The case for using waist to hip ratio measurements in routine medical checks

Med J Aust. 1992 Feb 17;156(4):280-5. doi: 10.5694/j.1326-5377.1992.tb139751.x.

Abstract

Objective: To provide a rationale for using waist:hip ratio (WHR) measurements in clinical practice.

Data sources: The article reviews the literature on body fat distribution back to the mid 1950s.

Study selection: Studies are reviewed which show a clear association between abdominal obesity and a range of ailments including coronary events, hypertension, blood lipid levels, cholecystectomy, diabetes and gallbladder disease.

Data extraction: Key data on the correlation of body fat distribution and health risks are summarised.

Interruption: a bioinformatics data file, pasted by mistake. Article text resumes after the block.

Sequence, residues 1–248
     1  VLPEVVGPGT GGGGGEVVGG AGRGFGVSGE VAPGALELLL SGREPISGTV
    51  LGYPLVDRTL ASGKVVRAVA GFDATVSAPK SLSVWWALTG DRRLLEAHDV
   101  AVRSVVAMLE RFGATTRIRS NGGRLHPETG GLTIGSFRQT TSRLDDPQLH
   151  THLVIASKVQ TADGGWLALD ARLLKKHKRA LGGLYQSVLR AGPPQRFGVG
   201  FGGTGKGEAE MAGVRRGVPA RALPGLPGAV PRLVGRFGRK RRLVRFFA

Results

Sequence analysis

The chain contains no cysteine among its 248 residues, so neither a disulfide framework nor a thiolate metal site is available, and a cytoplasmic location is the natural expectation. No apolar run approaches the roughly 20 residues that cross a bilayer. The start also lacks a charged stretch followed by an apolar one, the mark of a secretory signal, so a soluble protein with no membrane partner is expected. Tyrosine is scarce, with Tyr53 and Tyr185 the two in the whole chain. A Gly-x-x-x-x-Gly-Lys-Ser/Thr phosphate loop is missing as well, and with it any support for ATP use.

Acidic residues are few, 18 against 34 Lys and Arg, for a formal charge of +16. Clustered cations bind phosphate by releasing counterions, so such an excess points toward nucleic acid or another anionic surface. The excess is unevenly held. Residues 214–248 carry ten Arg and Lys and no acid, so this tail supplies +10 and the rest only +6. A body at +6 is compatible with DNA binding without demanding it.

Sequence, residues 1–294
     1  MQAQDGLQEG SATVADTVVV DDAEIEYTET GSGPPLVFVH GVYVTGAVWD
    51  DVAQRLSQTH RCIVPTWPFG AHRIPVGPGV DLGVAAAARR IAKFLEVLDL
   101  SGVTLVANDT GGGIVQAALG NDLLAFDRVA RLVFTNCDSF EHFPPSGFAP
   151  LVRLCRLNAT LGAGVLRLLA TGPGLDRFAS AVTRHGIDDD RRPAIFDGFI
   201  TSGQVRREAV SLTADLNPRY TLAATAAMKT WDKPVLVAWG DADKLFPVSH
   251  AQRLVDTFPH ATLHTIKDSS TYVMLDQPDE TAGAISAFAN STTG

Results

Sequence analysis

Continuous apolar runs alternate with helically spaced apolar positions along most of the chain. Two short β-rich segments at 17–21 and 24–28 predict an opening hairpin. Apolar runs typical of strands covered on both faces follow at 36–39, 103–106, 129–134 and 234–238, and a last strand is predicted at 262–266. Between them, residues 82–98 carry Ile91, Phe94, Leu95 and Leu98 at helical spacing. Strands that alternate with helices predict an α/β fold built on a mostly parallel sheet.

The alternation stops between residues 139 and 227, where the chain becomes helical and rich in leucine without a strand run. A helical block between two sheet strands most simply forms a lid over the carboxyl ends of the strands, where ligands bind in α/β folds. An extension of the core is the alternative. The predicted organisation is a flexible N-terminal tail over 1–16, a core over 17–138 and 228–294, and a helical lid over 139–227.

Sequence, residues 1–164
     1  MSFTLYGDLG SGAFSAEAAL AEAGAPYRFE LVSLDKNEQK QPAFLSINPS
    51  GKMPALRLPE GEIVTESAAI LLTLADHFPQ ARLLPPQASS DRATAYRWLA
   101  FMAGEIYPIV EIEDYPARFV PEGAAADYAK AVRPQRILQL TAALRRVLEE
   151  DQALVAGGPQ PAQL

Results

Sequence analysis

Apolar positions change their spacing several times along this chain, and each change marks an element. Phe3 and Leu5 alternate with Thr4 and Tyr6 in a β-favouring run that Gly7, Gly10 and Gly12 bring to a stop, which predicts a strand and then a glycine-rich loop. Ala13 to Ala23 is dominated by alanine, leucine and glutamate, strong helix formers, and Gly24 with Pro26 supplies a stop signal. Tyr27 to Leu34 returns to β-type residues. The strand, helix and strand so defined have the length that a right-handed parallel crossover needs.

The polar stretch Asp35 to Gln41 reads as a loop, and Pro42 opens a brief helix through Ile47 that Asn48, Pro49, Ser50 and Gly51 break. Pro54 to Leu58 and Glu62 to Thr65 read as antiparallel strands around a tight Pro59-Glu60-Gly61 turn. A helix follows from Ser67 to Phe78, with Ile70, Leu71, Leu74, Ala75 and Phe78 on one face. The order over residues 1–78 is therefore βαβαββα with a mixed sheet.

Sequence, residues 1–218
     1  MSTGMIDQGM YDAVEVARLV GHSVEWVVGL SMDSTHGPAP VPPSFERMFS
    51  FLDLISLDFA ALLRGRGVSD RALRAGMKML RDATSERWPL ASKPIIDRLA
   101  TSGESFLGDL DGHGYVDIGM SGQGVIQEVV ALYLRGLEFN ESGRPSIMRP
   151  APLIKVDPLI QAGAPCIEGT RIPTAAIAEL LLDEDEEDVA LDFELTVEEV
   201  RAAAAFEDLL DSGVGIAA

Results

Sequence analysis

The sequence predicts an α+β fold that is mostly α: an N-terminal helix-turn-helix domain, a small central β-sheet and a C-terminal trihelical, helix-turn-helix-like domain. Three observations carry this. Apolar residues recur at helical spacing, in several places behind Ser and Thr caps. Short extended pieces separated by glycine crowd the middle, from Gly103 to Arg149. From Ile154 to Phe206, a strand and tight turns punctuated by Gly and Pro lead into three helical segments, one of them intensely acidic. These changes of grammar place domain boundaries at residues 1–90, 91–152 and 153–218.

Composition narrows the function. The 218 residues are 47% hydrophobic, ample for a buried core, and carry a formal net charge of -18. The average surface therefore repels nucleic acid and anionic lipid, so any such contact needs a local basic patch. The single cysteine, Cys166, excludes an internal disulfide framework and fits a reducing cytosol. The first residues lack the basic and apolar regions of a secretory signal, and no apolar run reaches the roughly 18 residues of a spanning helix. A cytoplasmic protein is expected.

Data synthesis: Abdominal fat measured by a WHR may be a better single predictor of many diseases than other risk factors such as overall obesity, hypertension, smoking, or hypercholesterolaemia.

Conclusions: The association between WHR and risk indicators appears to be "dose" related, and independent of sex, race and age. High WHRs, however, are more characteristic of men with lower socioeconomic status, whereas weight control programs are more commonly developed for women. A reorientation of weight control initiatives based on health rather than aesthetic priorities is needed. Measurement of WHR should be a routine part of clinical assessments. The predictability of the measure can be improved by combining it with a measure of body mass.

Publication types

  • Review

MeSH terms

  • Abdomen
  • Anthropometry*
  • Body Constitution*
  • Female
  • Hip
  • Humans
  • Male
  • Obesity / complications
  • Obesity / pathology*
  • Physical Examination
  • Risk Factors